[Lingtyp] Call for abstracts: SLE2019 workshop proposal - "External" Agreement with Unexpected Targets
o.bond at surrey.ac.uk
o.bond at surrey.ac.uk
Tue Oct 23 15:39:57 UTC 2018
We invite abstracts for a 'Workshop on "External" Agreement with Unexpected Targets' to be submitted for consideration for the 52nd Annual meeting of the Societas Linguistica Europaea (SLE), Leipzig, 21–24 August 2019.
Since this workshop is intended to be part of the annual meeting of the SLE it needs to go through a preliminary round of evaluation. If the proposal is successful, the participants will be asked to submit a full abstract. Provisional titles and abstracts (up to 300 words) should be sent by 16 November 2018 to Marina Chumakina at the following address: m.chumakina at surrey.ac.uk<mailto:m.chumakina at surrey.ac.uk>
Provision abstract deadline: 16 November 2018
Notification of inclusion in workshop: 20 November 2018
Notification of acceptance of workshop: 15 December 2018
Deadline for the submission of full abstract if workshop proposal is successful: 15 January 2019
Marina Chumakina, Oliver Bond and Steven Kaye (Surrey Morphology Group, University of Surrey)
Across the world’s languages, agreement is generally limited to relations between a verb and its arguments (clausal agreement) or a noun and its dependents (nominal agreement), and it usually occurs between elements belonging to particular parts of speech within the boundaries of established syntactic constituents.
We focus on a radically different type of agreement, where the relation between the controller and the target is typologically and theoretically unexpected. Examples have been registered in abundance in one linguistic family, Nakh-Daghestanian, and have been sporadically reported for other languages of the world (Antrim 1991, Fábregas and Pérez-Jiménez 2008, Ledgeway 2011 among others). Consider example (1), from the Nakh-Daghestanian language Avar, where the postposition žaniw ‘inside’ has the neuter noun tusnaq’ ‘prison’ as its complement. Together, these elements form a postpositional phrase, tusnaqalda žaniw ‘in the prison’. However, agreement on the postposition, realized by the masculine singular suffix -w, is controlled by one of the verb’s arguments, the object Rasul:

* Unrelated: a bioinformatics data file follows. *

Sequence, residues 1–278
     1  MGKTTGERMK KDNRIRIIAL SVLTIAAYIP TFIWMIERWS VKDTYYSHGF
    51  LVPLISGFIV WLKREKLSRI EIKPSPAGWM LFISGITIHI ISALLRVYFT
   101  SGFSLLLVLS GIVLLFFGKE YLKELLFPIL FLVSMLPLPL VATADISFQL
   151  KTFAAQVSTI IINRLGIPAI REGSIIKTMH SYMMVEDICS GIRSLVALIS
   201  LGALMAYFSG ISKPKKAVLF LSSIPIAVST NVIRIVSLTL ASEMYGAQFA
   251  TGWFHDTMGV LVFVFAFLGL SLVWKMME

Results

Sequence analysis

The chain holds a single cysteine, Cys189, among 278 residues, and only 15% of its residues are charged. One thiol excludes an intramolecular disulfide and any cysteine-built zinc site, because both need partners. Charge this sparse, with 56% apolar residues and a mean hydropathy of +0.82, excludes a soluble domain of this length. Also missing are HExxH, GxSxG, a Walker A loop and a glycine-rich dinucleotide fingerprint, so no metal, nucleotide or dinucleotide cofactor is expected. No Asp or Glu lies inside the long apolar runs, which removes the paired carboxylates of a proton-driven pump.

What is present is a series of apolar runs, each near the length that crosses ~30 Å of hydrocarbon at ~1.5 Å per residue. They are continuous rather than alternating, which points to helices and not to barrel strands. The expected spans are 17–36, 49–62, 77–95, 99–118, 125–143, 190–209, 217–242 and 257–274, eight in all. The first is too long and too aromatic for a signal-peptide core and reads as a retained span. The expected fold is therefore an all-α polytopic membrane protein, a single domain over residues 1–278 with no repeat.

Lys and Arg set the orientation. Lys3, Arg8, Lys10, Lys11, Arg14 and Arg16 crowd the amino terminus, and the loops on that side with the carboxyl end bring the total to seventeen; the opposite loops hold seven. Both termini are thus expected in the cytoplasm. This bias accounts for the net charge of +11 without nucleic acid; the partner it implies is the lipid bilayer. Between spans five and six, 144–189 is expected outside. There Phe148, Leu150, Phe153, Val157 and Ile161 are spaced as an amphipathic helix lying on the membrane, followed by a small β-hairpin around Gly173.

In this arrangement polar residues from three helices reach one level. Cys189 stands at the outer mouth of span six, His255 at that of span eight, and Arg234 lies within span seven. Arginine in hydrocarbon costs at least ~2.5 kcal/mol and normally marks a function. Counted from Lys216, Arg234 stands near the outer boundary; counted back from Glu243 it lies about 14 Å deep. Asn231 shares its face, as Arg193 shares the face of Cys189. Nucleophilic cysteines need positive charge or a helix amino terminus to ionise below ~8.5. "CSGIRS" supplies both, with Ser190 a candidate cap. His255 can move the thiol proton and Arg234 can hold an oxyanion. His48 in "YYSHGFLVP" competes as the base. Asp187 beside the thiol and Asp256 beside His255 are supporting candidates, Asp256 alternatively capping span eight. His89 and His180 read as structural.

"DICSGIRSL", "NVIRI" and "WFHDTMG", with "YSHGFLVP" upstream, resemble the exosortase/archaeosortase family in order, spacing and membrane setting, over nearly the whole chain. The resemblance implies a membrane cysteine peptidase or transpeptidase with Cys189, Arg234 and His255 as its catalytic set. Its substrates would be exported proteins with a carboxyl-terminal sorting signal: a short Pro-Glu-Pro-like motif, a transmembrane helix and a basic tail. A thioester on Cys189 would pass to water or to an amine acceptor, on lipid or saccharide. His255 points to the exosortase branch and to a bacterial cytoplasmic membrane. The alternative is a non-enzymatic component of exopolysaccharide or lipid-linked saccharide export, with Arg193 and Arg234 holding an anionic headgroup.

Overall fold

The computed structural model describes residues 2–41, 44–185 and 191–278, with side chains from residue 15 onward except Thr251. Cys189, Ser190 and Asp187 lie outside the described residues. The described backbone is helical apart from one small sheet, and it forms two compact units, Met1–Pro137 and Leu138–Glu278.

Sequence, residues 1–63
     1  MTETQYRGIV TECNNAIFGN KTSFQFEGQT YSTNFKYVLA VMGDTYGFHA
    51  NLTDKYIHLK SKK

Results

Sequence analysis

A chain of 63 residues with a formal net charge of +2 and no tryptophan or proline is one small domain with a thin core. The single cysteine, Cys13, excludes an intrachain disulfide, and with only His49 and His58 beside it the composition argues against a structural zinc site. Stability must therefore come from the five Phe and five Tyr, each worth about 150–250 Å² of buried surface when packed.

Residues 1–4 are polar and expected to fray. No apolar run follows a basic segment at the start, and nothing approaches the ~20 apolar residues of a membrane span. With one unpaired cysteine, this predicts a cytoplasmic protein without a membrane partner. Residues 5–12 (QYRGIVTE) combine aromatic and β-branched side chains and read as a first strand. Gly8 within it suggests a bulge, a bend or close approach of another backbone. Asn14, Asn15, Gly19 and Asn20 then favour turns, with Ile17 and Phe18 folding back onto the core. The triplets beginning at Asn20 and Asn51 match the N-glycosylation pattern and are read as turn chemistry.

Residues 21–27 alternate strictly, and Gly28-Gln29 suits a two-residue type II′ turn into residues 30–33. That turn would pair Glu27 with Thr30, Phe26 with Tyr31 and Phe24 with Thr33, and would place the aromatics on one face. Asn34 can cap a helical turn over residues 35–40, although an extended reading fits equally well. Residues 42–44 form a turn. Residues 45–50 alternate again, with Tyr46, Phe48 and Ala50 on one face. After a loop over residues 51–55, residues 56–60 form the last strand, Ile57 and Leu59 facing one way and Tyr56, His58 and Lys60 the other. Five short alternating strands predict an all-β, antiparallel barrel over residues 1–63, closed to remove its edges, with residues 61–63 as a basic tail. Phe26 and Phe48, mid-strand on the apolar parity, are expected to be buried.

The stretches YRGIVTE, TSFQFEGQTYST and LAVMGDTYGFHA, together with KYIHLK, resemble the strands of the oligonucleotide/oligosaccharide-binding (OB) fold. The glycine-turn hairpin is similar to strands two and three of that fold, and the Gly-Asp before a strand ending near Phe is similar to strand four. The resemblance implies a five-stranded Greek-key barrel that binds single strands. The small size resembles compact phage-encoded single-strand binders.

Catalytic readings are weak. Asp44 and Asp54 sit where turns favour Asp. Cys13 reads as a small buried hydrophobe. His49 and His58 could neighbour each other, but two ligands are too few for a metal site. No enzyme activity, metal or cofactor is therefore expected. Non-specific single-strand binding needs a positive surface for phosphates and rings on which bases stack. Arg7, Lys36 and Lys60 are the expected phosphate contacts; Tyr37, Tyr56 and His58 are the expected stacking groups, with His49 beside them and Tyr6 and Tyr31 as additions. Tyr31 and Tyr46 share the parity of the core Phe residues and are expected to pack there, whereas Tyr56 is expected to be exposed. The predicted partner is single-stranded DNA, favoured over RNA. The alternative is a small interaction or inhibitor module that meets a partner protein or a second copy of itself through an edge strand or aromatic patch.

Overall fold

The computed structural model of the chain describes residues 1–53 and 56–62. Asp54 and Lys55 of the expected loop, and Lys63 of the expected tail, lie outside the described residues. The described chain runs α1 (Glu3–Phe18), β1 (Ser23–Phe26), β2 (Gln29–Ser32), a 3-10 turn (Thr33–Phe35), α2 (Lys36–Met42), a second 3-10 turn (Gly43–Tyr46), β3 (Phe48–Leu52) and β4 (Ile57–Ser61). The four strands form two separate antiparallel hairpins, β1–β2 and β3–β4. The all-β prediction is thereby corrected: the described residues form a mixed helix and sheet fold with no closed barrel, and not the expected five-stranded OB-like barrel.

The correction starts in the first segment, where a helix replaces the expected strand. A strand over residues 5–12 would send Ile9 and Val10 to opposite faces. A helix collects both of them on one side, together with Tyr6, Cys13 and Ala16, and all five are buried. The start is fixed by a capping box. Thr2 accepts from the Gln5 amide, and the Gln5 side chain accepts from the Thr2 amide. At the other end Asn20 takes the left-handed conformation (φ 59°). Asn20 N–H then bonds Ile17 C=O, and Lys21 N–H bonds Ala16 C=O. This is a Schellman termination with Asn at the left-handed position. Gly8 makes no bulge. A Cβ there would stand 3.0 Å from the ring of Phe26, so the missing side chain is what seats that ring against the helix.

(1) tusnaq-al-da žani-w t’amuna niže-cːa Rasul
prison(N)-SG.OBL-SUP in-M.SG put.PST 1PL.EXCL-ERG Rasul(M)[SG.ABS]
‘We put Rasul in prison.’
The agreement represented in (1) is striking: first of all, it is an unusual part of speech that shows agreement, namely a postposition. Secondly, the agreement happens with an unexpected controller: not the complement of the postposition, but the object of the predicate. The target and controller in (1) ultimately belong to the same clause but do not form a local domain either in terms of strict locality (sisterhood) or high locality (such as verb-argument relations), as defined in Alexiadou et al. (2013: 3-4).
Languages of the Andic group present an even more striking example: agreement in the nominal paradigm. The noun in the affective case (‘mother’) coding the experiencer argument of the verb haɢo ‘see’ has a morphological slot for agreement and agrees in gender and number with the absolutive argument of the clause, as (2) and (3) from Andi illustrate:
(2) ilu-b-o q’inkom haɢo
mother(II)-III.SG-AFF bull(III)[SG.ABS] see.AOR
‘Mother saw a bull.’
(3) ilu-r-o c’ul haɢo
mother(II)-V.SG-AFF stick(V)[SG.ABS] see.AOR
‘Mother saw a stick.’
These examples demonstrate that, first, agreement affects a much wider range of grammatical elements than previously thought and, second, agreement does not always correlate with syntactic structure; it can ‘sidestep’ syntactic relations, contrary to what has been generally assumed. To capture the latter property of this phenomenon, we call it ‘external agreement’. This is, however, just a shorthand for a more accurate description: ‘agreement of non-verbal targets outside their minimal syntactic phrase, yet within the clause’.